Environment and Immigration Entwined

I am compelled to write concerning "Sierra Club Schism: the Limits of Sharing," (April 21) the opinion piece on the turmoil over the Sierra Club's position on immigration as it relates to US population.

The advice to fellow environmentalists "to dispense with numbers" is incredible. The writer expects us to evaluate her opinions in the absence of fact or data. This betrays a lack of objectivity and an endorsement of policy based solely on emotion.

The article states that "there are so many ways to lie with data." I would suggest that there are many more ways to lie without them. Perhaps the real reason to avoid data is that they often do not support the extreme positions that many environmentalists take. For example, despite the increase in population since the first Earth Day, air quality has improved significantly for most Americans. For this we can thank a better informed public, progressive environmental legislation, and technological innovations in pollution control.

The author asks for proof "that life in a large dense city is ... as acceptable as life in a small city ...." Census data for the last 100 years document the exodus from village and farm to large cities. Given the freedom, many Americans choose to live in large metropolitan areas. These people apparently do not share the romantic view of pastoral life. In fact, I've heard numerous transplants from big cities lament the lack of diversions in rural communities.

Finally, it is well documented that as living standards increase, birth rates decrease. The developments that environmentalists like the author oppose would actually bring about three desired results: improved living standards, reduced birth rates, and reduced pollution (through further innovation).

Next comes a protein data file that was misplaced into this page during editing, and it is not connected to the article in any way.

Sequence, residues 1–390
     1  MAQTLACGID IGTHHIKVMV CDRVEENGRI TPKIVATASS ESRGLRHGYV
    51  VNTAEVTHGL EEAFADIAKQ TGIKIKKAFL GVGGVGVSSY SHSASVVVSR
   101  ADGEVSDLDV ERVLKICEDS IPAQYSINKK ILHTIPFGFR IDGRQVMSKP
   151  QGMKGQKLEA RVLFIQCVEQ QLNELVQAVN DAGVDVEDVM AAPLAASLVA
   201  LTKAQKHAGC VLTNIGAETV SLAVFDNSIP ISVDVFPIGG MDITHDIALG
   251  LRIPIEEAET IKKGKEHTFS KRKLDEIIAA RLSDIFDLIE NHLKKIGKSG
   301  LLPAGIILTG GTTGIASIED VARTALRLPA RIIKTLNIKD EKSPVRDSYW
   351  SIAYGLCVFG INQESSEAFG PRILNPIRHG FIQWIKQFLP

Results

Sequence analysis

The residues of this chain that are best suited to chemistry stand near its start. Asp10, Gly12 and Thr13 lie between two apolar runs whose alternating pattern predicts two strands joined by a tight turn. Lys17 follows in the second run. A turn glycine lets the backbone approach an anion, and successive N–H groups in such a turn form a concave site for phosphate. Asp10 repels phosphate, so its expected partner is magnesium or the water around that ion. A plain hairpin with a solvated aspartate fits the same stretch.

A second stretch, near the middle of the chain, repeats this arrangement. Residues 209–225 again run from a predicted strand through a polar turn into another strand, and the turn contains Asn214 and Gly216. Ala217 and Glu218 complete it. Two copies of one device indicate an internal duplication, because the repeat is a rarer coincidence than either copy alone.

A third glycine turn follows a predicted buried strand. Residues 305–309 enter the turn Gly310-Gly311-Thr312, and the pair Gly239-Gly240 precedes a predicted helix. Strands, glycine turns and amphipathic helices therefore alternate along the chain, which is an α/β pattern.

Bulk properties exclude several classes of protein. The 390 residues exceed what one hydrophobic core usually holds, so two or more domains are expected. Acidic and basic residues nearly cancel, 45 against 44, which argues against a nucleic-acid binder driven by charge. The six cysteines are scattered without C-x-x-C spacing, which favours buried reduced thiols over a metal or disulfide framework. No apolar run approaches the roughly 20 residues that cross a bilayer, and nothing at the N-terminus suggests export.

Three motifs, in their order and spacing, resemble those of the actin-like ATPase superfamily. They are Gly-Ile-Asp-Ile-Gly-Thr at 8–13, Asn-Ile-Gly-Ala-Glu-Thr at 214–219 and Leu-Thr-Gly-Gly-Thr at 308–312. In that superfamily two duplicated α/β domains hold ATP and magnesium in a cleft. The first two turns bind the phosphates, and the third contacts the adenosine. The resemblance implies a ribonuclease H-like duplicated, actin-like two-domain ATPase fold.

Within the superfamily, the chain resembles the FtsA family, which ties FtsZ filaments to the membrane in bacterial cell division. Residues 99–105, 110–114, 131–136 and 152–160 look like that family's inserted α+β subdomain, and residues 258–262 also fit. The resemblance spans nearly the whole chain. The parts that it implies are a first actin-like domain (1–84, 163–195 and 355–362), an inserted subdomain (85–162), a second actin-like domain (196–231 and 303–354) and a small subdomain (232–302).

Keith Emery

Athens, Ga.

Legitimacy of guns

I beg to differ with the opinion-page article "Assault Weapons Ban" (April 16).

I've been a gun enthusiast for 40 years. My hunting accomplishments are limited to shooting ground squirrels (considered pests on the ranch) as a teenager. Hunting rifles occupy only a small section of my gun safe. And even those high-power rifles are converted from what were originally military rifles.

My interest is in accuracy, functionality, and history, and in shooting military rifles of proven merit. As a prudent person, I believe in the right to bear arms and self defense. And to many shooters the "hunting" argument is really irrelevant in defining what is an acceptable and legitimate form of firearm. These shooters are people who you would likely accept as neighbors or fellow workers, without reservation.

With reservation, I do support author Robert Spitzer's opinion that legitimate guns in legitimate hands is important. But the term "legitimate" has often been used as just another legal ploy to separate law-abiding firearms-owners from their guns with no effect on crime rates.

Emmett Van Reed

Tucson, Ariz.

I take extreme exception to the article concerning the recent "assault weapon" import ban. It seems as though the author, along with our fearless commander in chief, believes that the Second Amendment is about hunting. It is not.

The truth is that it is about defending "the people" from a tyrannical government. As a political science professor, the author should know that all of the Bill of Rights has to do with protecting the individual from the government. The article tries to justify banning weapons based on their "cosmetic," "military" design. If it ever came down to defending the people from tyranny, wouldn't these "assault weapons" be the proper weapons to use? They would then indeed be weapons of war.

Jonathan Lee

Ruston, La.

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